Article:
• Gerrit Eicker 07:50 on 22. July 2010 Permalink
    Tags: , , , Facebook Stories, , , , , , , , , , , , , , ,   

    77 Months: 500 Million Facebookers 

    Zuckerberg: 500 million people all around the world are actively using Facebook to stay connected; http://j.mp/cKxcd3

     
    • Gerrit Eicker 07:53 on 22. July 2010 Permalink | Reply

      Zuckerberg: “As of this morning, 500 million people all around the world are actively using Facebook to stay connected with their friends and the people around them. – This is an important milestone for all of you who have helped spread Facebook around the world. Now a lot more people have the opportunity to stay connected with the people they care about. … Our mission at Facebook is to help make the world more open and connected. Stories like these are examples of that mission and are both humbling and inspiring. I could have never imagined all of the ways people would use Facebook when we were getting started 6 years ago.”

      Facebook stories: “Facebook is all about the individual and collective experiences of you and your friends. It’s filled with hundreds of millions of stories. Which ones inspire you? What’s your Facebook story?”

      TC: “To put it in perspective: it was only five and a half months ago when Facebook celebrated its sixth birthday and hit 400 million active users – about as long as it took them to go from 300 million to 400 million. Does that mean Facebook will grow to 600 million members by the end of the year, or could it possibly be peaking? – Zuckerberg is actually quite confident they’ll hit 1 billion active users at some point – just last month, at the Cannes Lions International Advertising Festival, he argued that it is ‘almost a guarantee that it will happen‘.”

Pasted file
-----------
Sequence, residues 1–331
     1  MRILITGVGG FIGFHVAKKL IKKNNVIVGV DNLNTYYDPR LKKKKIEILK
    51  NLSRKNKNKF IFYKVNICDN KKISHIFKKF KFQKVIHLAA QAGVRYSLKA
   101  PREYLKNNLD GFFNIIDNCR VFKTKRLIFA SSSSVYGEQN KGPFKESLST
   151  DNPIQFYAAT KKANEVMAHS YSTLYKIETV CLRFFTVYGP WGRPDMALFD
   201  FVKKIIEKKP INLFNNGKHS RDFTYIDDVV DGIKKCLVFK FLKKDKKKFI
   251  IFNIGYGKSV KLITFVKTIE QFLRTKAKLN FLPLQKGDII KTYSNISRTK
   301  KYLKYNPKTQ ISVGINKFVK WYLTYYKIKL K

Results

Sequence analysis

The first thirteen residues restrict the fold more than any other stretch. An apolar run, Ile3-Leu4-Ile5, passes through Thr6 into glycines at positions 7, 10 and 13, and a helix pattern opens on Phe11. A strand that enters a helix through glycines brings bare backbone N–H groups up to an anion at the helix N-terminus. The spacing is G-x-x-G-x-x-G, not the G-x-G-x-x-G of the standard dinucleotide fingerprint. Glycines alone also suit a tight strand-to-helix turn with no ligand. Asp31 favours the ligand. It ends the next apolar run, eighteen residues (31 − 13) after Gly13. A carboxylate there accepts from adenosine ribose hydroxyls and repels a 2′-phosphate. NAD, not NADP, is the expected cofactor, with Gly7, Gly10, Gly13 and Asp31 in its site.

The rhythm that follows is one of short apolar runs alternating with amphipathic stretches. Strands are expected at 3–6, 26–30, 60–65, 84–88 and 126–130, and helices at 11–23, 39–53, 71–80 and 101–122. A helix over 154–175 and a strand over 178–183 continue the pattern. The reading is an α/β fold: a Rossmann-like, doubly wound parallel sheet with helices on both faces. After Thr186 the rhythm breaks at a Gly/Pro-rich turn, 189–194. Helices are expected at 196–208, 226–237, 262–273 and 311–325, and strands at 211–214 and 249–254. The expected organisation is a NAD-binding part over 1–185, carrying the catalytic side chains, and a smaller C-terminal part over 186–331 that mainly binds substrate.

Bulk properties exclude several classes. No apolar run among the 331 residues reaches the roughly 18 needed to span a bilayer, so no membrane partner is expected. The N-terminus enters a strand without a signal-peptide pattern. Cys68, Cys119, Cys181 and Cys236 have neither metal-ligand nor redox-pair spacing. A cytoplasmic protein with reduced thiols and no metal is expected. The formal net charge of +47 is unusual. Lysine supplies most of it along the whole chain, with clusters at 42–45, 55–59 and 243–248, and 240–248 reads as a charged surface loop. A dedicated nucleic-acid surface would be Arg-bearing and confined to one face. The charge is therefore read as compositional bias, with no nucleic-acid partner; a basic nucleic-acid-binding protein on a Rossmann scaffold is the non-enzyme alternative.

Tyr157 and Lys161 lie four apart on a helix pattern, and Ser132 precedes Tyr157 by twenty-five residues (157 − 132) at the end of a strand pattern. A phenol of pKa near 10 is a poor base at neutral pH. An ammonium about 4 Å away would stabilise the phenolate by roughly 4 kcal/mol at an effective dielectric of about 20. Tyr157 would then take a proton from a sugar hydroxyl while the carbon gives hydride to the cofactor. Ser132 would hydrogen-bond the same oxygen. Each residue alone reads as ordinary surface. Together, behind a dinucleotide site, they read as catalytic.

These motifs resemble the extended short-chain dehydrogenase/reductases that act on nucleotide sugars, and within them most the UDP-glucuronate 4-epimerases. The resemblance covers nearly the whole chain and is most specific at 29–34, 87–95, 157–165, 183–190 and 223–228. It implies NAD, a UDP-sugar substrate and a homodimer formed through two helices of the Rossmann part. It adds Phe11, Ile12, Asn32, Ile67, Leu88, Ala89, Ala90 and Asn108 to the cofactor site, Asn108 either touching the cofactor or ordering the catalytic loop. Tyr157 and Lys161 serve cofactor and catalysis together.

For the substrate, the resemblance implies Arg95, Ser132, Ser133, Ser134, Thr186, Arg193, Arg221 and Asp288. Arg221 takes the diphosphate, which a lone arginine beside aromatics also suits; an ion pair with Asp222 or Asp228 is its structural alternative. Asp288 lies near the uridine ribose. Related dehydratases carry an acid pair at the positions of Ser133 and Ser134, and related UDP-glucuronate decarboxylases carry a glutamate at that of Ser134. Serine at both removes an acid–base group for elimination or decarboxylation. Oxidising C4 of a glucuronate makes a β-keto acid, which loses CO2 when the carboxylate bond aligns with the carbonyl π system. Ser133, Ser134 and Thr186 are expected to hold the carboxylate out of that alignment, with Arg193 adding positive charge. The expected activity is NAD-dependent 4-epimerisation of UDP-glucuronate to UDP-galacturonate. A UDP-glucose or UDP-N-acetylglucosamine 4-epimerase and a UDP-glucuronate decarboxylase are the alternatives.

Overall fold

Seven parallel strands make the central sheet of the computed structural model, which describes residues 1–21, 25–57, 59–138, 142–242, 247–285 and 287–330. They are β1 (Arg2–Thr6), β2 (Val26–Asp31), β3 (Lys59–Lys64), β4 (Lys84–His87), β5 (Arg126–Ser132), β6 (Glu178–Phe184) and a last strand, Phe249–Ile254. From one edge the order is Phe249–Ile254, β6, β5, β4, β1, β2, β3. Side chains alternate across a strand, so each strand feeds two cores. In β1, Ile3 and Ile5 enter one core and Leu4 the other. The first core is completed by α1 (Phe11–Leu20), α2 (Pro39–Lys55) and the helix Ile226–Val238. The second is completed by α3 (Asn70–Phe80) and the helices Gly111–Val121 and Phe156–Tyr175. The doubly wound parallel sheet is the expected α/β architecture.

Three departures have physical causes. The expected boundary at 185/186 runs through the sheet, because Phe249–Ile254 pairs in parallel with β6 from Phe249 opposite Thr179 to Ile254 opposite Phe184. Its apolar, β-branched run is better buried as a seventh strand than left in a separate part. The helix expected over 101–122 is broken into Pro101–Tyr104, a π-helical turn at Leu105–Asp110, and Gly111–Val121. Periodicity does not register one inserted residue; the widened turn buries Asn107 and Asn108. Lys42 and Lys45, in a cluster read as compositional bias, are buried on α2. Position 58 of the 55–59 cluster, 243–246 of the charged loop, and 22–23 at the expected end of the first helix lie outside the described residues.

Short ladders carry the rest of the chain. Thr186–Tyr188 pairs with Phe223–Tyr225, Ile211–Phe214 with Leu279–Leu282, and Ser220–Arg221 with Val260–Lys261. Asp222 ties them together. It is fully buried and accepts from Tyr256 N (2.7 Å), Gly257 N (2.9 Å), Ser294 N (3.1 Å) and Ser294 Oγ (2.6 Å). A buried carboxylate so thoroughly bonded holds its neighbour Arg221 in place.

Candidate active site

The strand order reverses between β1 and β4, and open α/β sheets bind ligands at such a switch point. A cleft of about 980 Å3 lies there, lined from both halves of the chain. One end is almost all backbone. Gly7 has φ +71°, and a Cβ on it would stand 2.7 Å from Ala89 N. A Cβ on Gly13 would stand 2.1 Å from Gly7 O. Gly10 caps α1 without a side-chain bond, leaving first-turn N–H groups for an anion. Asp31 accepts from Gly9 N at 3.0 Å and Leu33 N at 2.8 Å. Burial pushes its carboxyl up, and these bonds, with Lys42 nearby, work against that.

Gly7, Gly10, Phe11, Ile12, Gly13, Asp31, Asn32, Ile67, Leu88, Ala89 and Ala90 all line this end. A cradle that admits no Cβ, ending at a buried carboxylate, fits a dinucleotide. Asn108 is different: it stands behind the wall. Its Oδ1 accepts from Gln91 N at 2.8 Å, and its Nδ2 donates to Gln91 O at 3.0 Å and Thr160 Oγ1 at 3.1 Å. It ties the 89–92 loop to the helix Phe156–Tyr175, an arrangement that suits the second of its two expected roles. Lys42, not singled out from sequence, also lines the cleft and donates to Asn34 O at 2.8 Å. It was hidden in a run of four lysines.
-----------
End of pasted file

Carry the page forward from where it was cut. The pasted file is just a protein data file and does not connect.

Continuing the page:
VB: “The next 500 million will be an altogether different challenge. Facebook is running up against the sheer population limits of potential users in the developed world. To maintain its growth pace, it’s making an aggressive push via mobile phones into emerging markets where millions of people have only just begun to access the web through these devices. Here’s a run-down of its strategy to get to its first billion users.”

      RWW: “Children growing up today don’t remember a time before Facebook – and that’s both scary and fascinating. Future generations will be more and more accepting of sharing their lives on the Internet, which has its obvious pros and cons. At the other end of the spectrum, when my generation grows old and wants to look back on our lives, we won’t need an old crusty photo album. We will simply use whatever popular device at the time that lets us flip through our life’s history as aggregated from decades of social sharing. Facebook has been at the forefront of paving the way for that future. – It has taken 77 months for Facebook to go from 0 to 500 million and the company shows little sign of slowing, even with many leaving the network over privacy issues. The truth is, there is no viable alternative yet, but perhaps Google or those four students from N.Y.U. can change that.”